February 1st, 2013
TTCT stands for Torrance Tests of Creative Thinking
If your child is scheduled for an upcoming TTCT test, you may be wondering about test preparation. The TTCT, or Torrance Tests of Creative Thinking, are a creativity test that was developed in the 1960s by psychologist Ellis Paul Torrance.
Unlike many other tests used during advanced placement testing or entrance examinations, the TTCT test does not require much prep work. Instead of measuring subjects which are taught in school, these tests measure creative thinking. Although it’s difficult to “prepare” for a creativity test, you can cultivate your child’s creativity in everyday life by asking him to express himself in novel and imaginative ways. You can also spur creative thinking by asking your child to tell a story about things he witnesses (“What is that lady doing holding her dog up above her head like that?”); tell a story about what happened during a famous historical event (“What did George Washington say before he chopped down the cherry tree?”); or imitate someone reacting to an event (“Show me what you would look like if I told you you could pick out 100 new toys!”). You can also cultivate your child’s creativity by having her draw out verbalized situations or think of alternative ways of performing common tasks.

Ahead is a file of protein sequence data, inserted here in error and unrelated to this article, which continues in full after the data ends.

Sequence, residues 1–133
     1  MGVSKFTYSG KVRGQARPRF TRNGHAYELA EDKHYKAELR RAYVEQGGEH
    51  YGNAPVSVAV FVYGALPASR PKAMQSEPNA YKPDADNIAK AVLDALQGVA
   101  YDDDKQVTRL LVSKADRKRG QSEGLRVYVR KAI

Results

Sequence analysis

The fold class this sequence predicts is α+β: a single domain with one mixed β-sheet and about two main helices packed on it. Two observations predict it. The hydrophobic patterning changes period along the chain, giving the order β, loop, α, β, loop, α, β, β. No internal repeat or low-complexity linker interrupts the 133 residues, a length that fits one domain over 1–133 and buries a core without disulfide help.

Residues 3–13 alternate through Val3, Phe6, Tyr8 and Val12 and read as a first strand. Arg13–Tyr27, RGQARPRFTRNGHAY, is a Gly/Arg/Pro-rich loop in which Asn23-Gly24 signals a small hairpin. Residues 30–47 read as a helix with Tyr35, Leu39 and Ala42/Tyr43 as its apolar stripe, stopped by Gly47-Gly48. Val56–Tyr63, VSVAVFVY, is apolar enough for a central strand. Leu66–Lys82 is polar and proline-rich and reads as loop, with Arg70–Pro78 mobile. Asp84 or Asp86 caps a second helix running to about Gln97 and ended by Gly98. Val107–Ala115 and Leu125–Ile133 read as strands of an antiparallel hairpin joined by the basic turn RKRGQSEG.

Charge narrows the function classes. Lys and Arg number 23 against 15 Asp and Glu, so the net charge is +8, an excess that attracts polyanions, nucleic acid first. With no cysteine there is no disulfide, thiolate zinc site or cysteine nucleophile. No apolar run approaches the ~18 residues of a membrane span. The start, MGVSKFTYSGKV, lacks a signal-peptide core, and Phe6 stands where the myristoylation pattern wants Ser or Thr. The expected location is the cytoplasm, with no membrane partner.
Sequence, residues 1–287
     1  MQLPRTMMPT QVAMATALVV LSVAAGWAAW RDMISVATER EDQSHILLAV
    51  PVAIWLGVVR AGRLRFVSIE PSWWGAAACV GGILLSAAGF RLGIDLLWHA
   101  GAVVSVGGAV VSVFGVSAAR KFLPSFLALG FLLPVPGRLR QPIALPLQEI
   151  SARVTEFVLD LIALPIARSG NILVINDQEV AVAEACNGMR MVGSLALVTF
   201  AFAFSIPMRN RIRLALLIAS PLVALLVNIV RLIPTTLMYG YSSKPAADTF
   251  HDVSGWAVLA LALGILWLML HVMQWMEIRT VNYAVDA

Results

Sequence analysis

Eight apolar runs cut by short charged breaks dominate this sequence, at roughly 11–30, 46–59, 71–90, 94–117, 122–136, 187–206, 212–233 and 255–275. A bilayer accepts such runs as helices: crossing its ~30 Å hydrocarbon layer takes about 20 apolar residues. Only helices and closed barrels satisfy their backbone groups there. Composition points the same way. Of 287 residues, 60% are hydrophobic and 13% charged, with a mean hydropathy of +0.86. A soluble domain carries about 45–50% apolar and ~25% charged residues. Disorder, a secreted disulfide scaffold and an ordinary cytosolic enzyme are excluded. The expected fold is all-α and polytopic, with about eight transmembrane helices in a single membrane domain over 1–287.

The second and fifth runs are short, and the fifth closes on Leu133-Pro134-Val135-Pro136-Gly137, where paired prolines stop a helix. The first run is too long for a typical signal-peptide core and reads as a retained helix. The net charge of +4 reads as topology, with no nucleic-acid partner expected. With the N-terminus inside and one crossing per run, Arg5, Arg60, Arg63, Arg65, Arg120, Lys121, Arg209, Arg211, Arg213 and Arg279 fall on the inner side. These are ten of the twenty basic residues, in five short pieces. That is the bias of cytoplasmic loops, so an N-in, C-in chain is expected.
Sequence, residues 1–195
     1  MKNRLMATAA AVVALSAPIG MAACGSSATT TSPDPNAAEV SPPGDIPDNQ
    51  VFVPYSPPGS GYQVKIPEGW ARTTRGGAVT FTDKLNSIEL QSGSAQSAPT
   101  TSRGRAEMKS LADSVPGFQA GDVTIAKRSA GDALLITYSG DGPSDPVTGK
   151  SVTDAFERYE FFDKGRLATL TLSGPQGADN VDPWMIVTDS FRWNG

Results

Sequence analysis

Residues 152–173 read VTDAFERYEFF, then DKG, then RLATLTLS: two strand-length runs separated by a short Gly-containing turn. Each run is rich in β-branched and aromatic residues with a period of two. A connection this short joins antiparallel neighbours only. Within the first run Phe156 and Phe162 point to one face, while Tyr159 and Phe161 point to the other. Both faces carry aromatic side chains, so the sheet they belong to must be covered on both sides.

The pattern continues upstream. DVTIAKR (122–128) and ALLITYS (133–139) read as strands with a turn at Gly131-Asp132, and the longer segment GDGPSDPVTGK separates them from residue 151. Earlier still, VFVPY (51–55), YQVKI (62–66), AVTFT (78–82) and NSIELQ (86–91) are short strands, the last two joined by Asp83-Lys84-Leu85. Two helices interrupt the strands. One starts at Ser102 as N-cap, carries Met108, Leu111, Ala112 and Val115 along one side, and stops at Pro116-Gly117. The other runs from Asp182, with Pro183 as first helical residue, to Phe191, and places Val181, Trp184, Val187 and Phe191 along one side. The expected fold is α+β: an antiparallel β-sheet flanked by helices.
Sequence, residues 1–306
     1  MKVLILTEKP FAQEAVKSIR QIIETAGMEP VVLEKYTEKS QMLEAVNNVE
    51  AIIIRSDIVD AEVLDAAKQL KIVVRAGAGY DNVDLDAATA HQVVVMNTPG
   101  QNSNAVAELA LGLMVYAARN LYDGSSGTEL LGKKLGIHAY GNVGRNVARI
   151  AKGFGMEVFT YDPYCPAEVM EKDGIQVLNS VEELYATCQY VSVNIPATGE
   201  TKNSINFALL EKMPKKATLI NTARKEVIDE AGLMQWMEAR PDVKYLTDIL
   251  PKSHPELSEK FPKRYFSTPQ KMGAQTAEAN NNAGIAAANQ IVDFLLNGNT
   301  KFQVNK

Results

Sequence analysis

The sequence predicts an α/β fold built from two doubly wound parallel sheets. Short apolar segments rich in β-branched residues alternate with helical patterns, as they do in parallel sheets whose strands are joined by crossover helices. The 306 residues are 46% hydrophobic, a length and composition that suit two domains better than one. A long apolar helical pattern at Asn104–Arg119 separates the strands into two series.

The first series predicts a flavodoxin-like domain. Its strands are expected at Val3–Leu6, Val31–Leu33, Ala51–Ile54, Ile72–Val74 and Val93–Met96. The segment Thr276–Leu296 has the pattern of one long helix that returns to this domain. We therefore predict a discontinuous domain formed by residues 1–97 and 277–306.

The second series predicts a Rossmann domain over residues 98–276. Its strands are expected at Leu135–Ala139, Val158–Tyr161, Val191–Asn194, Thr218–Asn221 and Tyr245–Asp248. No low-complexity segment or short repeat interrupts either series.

There are two versions of the test, the Figural and Verbal versions. Your child may take both, although the Verbal version is only approved for children in first grade and up.
Studies have shown that highly creative children are often some of the most intelligent, and so the information gained through these tests can be extremely helpful in gifted programs. Some of the traits tested by the TTCT are visualization, expressiveness, humor, and storytelling. You can read more about the tests at http://www.indiana.edu/~bobweb/Handout/d3.ttct.htm.
Aside from school settings, these tests are also used in institutional and clinical settings to assess creativity in adult subjects. Subjects of all ages are asked to recall past events and describe them, among other creative-thinking exercises. Common results translate into lower scores, while highly imaginative results with rich detail and imagery score higher.